What will it take to end child poverty?

Poverty Child covering her face
ResourcesViewsJune 20th, 2023

June 19th finally saw the publication of a draft child poverty strategy, but will it make a difference? Our Head of Policy (Poverty), Steffan Evans, shares his initial reaction.  

It’s eight years since the Welsh Government published a Child Poverty Strategy. Between the Covid 19 pandemic and the cost-of-living crisis much has changed since 2015.

Why do we need a child poverty strategy? 

Child poverty is a major problem in Wales. Just two weeks ago, Loughborough University published their latest analysis of child poverty across the UK. They found that more than one in five children are living in poverty in every local authority in Wales, with minimal progress made in reducing child poverty over the past decade.  

A Child Poverty Strategy provides an opportunity to set out how the Welsh Government intends to address child poverty. It provides an opportunity to review what’s worked, identify gaps in provision and explore how the challenge can be addressed more effectively. Given the Welsh Government has just funded the Wales Centre for Public Policy to advise them on effective anti-poverty strategies you might be expecting something ground-breaking. 

What we have got is mixed.

Some good news

The draft Child Poverty Strategy contains some welcome commitments. The plan reiterates many of the actions already being taken by the Welsh Government. The commitment to the Schools Essentials Grant and Free School Meals make a huge difference to families all over Wales, reducing costs and helping to put money back into families’ pockets. Continuation of these schemes is positive.  

The Bevan Foundation is particularly pleased to see a commitment within the Strategy to establishing a Welsh Benefits System. The Bevan Foundation has long argued that establishing such a system could ensure that families across Wales receive the support they are entitled to. The fact that the Strategy contains a commitment to “accelerate work with partners” is therefore a very positive step.  

Room for improvement  

There are features of the draft Strategy where there is room for improvement, however. Perhaps chief amongst these is the lack of detail. A good example is the commitment on childcare and transport costs, which merely says: 

Focus work across government to find affordable solutions to childcare and transport costs to remove barriers to work and make work pay. 

What does this mean in practice? Is there a target as to how many children should have access to free or affordable childcare in the next five years? What barriers will the Welsh Government be seeking to remove to enable more access to affordable transport for children? Without specific targets it will be very difficult for the Welsh Government to measure progress against its ambitions.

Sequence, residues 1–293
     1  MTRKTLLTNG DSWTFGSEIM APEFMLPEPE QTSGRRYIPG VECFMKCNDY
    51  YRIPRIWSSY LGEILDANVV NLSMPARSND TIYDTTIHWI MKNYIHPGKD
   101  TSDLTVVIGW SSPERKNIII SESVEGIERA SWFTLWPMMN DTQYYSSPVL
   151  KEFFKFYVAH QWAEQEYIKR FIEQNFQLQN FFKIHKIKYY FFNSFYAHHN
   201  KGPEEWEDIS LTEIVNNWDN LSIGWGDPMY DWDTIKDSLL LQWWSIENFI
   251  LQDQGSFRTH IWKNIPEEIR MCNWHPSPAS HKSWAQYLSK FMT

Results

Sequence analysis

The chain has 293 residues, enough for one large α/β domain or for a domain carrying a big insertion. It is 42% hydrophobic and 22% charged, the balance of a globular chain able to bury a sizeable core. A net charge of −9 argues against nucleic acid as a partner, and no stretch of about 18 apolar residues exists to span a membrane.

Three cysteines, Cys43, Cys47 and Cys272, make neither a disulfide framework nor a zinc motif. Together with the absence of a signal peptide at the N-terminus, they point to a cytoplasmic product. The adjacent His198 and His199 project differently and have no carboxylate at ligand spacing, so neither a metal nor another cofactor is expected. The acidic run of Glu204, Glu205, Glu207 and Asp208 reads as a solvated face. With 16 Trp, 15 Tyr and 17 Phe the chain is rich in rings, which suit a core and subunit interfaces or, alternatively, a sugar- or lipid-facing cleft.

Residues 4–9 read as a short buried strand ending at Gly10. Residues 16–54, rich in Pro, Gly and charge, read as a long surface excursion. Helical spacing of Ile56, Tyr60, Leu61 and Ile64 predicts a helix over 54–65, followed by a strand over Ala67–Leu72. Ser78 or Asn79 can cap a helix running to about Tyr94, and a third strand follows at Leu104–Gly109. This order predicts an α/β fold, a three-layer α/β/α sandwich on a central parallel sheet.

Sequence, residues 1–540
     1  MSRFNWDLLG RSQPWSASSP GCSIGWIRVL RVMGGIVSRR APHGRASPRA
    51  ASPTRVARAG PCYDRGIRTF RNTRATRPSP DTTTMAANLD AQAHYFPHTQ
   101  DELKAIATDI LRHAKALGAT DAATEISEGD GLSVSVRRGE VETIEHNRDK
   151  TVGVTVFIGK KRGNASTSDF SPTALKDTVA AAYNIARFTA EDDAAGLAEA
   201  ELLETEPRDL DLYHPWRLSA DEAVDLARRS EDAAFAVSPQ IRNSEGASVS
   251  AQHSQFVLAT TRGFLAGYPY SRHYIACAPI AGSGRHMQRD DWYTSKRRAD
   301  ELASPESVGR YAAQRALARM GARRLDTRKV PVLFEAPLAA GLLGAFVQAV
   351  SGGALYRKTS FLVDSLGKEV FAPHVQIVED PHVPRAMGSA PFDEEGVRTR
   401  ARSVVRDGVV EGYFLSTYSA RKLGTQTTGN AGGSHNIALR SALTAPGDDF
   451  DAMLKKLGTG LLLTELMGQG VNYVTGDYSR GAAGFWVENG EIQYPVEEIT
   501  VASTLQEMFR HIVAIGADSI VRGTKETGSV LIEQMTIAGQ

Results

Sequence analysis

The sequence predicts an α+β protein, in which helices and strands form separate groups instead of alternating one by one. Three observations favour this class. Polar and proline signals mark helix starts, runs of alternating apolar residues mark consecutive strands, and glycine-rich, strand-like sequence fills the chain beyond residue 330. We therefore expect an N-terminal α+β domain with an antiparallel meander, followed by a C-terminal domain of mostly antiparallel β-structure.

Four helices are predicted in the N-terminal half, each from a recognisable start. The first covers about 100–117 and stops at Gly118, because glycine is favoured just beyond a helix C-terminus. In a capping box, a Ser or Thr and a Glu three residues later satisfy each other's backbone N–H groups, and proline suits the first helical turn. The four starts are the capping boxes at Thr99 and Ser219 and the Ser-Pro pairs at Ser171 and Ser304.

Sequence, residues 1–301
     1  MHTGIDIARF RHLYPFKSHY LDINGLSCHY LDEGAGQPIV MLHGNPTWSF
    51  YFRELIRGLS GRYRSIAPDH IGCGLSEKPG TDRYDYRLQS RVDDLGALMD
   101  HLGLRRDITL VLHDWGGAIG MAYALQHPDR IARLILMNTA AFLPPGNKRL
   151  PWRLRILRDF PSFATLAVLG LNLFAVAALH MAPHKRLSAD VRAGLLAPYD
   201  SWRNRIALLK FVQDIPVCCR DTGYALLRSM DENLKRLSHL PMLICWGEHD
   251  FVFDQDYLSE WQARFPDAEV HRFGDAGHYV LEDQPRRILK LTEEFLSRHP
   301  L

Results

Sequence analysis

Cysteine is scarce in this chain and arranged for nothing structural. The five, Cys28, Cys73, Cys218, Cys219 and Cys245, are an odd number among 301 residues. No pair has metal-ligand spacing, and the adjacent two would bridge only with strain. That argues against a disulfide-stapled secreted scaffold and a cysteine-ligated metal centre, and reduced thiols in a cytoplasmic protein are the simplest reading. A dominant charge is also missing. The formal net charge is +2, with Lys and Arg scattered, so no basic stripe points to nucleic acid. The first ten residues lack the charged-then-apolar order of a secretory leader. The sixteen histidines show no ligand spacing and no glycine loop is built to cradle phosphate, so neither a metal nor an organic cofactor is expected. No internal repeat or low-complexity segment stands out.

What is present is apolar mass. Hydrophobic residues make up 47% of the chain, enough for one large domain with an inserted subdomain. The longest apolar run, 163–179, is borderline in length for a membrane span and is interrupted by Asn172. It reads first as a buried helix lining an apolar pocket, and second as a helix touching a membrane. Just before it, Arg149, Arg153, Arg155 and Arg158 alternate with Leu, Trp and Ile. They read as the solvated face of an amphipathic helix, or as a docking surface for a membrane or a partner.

A question of timing 

Looking to the future, the draft Strategy raises questions about how such documents are developed in Wales. The draft Strategy has been published two years into a Senedd term, 18 months into a three year co-operation agreement. As such it is perhaps not surprising that it is at its strongest in bringing together the existing programmes that are already being implemented and at its weakest on new ideas and initiatives.  

The Bevan Foundation looks forward to crafting a fuller response to the draft Strategy over the summer. Making sure we develop a strategy that works as effectively as possible if we are to ease the grip of poverty on Welsh children.  

One Response

  1. Barbara T. Kennedy says:

    Thank you for providing this overview of the new draft Child Poverty Strategy from the Welsh Government. It’s heartening to see that some important steps are being taken, such as the continuation of the Schools Essentials Grant and Free School Meals, as well as the proposed establishment of a Welsh Benefits System.

    However, I wholeheartedly agree with your points about the need for more specificity in the strategy’s commitments. Concrete targets and detailed action plans are critical in making substantial progress in the battle against child poverty. Your critique on the vague wording regarding childcare and transport costs highlights an essential issue.

    Timing is indeed an important factor, and it seems like the draft strategy might benefit from revisiting with fresh ideas and initiatives rather than predominantly focusing on the continuation of existing programs.

    Your work to review and critique the strategy is vital in ensuring a comprehensive and effective approach to child poverty in Wales. Looking forward to your fuller response to the draft strategy.

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